One of the wonderful things about really special friendships is that, no matter how long you have known someone, there is always something new to discover. On the first day of that tour I discovered something new about Bogdan: don’t mess with the man when he is following Google Maps! We found ourselves on dirt roads and narrow paths through the forests – some of which had deep, mud-filled puddles from a heavy rain the night before. There would be the occasional call from him to stop because we had gone the wrong way and had to go back, or the announcement that, according to Google Maps, there would be a turn onto a paved road in 200 meters. In fact, there was almost never anything resembling a possible turn within the next kilometer.
Another wonderful thing about really special friendships is that none of that really mattered. He started saying “only 200 meters” whenever the going got a little tough and I kept repeating that “this was a completely new tour for me.”
Not that this was one-sided, of course. Prior to the tour I had worried about being able to keep up (Bogdan is a bit younger than me – actually a few decades younger) so I had done a lot of riding beforehand to get into good condition and the E-bike gave me a huge advantage anyway. Once on the road, I delighted in cycling on ahead on the hills and then waiting at the top for him, huffing and puffing, to catch up. Then I would immediately zoom on ahead and repeat the whole thing. By the time we got to the end of our first day in Bad Tölz, the poor man was definitely dragging and ready for a beer.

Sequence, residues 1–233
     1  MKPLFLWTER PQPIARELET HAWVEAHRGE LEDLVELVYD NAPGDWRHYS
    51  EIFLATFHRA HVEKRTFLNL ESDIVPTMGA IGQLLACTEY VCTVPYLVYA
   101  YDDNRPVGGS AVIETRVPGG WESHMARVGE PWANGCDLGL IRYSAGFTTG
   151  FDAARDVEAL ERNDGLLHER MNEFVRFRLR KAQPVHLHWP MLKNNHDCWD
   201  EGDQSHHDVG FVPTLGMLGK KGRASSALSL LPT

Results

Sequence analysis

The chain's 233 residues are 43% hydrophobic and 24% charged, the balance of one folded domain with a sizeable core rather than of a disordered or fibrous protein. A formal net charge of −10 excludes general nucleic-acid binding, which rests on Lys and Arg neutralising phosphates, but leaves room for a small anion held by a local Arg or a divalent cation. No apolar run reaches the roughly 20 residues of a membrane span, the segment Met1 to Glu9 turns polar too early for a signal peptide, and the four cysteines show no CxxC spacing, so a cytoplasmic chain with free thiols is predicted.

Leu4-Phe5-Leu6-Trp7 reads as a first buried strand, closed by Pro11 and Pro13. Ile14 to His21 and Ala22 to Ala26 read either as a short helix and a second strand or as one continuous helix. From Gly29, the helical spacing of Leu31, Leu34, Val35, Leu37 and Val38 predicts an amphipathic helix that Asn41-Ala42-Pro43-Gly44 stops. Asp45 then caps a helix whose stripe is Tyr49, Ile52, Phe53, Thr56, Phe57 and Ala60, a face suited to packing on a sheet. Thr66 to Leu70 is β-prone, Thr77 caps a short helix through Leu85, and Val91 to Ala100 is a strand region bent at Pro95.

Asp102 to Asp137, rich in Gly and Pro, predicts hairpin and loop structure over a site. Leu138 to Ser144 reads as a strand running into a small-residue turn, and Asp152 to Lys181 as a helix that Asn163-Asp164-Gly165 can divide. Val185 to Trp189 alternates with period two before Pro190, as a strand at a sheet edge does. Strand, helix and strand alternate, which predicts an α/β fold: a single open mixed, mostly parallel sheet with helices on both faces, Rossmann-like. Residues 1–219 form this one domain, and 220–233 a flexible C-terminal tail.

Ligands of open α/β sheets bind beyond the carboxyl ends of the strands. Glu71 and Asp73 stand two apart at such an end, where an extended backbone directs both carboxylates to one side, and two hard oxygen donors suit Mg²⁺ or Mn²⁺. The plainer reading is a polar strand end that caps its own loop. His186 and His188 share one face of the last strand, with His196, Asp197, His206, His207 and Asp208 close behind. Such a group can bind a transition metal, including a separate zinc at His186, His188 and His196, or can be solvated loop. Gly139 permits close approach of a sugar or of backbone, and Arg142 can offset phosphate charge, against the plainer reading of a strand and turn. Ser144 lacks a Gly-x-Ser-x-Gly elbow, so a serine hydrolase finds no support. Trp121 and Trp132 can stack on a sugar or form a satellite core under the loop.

We had decided to save some money and share a room during our overnight stays. That night Bogdan discovered something else new about me: I will occasionally snore very loudly at night. I chose that night to do so and the poor man got little sleep at all! No complaints the next morning, other than to tell me about my snoring when I asked him if he had slept well. I can well imagine, though, a private resolution he was making for our next trip together!